Although you married one of the richest men in England, you begin an affair with the leader of the British Union of Fascists, whom you later marry. When Britain enters World War Two, you are both arrested for having fraternized with and encouraged Hitler and the Nazi party. You spend over three years in jail, apart from your young children. You always say that you only had England’s safety in mind.

Your autobiographical fiction makes you a world-famous author, living in style in Paris and dressing in couture. Your life is somewhat tragic, however, because you never stop pining for your unfaithful lover, an acne-scarred but charming French diplomat.

Your exposé leads to lasting reform of the U.S. funeral industry.

No family member ever calls you by your actual name. You and your sisters often address one another in letters as “Susan,” for some reason.

You become the Duchess of Devonshire, overseeing the 1,704,233 cubic feet of Chatsworth House. Of the home’s 297 rooms, 48 are admittedly very large, but some are “no more than glorified cupboards.”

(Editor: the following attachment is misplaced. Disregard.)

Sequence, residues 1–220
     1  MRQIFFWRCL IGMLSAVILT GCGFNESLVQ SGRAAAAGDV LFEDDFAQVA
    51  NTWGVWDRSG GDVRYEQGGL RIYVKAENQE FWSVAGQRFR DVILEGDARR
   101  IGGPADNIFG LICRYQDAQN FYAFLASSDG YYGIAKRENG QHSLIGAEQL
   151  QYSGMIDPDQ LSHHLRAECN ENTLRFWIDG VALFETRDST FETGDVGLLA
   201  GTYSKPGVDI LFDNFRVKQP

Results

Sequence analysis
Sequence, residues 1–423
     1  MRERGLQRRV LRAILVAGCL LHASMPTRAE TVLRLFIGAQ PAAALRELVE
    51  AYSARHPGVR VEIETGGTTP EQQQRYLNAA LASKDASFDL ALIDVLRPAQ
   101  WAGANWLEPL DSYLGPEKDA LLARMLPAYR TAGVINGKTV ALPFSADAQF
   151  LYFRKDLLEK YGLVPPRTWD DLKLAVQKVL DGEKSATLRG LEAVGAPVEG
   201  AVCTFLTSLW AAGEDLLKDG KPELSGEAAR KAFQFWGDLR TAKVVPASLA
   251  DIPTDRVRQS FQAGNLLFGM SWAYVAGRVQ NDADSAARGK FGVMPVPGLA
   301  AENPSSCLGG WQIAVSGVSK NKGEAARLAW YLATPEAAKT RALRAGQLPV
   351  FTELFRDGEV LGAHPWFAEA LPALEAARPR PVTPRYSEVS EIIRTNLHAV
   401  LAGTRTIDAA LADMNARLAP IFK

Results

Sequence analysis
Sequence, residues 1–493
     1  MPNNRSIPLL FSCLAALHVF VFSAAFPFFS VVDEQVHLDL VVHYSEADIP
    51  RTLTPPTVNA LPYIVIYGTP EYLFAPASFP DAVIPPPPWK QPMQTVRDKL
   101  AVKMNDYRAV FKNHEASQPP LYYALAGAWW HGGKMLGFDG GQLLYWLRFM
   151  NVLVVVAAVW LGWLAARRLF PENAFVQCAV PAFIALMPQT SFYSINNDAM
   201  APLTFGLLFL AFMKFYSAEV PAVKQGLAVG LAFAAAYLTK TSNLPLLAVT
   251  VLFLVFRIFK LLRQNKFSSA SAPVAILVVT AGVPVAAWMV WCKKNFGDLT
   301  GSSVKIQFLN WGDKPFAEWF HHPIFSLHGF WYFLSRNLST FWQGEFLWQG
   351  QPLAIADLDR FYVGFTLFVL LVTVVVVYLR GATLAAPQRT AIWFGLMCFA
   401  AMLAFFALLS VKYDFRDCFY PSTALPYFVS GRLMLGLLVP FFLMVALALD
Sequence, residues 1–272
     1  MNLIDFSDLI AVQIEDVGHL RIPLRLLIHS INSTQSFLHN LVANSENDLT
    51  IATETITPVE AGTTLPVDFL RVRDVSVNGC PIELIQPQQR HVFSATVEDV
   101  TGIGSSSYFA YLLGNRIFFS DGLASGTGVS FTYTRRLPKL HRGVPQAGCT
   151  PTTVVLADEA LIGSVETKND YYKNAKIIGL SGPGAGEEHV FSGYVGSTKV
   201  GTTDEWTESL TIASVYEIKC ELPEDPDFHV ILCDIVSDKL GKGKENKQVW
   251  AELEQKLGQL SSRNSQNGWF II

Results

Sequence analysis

Your father disowns you and leaves you no share of the family island in Scotland, because you have declared your intention to leave your portion of it to the Communist Party. You, however, buy out your sisters and take possession of the island.

You become dear friends with Maya Angelou. On your deathbed, she comes to visit every night, and sings you bawdy and romantic songs.

You do not speak to your Fascist sister for decades.

You do not speak to your Communist sister for decades.

When a journalist quotes your sister’s remark, “Sisters are a shield against life’s cruel adversity,” you reply, “But sisters ARE life’s cruel adversity!”

Your mother observes, “Whenever I see a headline beginning with ‘Peer’s Daughter’ I know one of you children has been in trouble.”


If you are still not certain whether or not you are a Mitford sister, you might try these for more guidance: Jessica Mitford, Hons and Rebels; Mary S. Lovell, The Sisters: the Saga of the Mitford Family; Deborah Mitford, Wait for Me!: Memoirs.

Ivan Kreilkamp teaches in the Department of English at Indiana University and writes frequently about 19th-century and contemporary literature.

Add a comment

Skip to the top of the page, search this site, or read the article again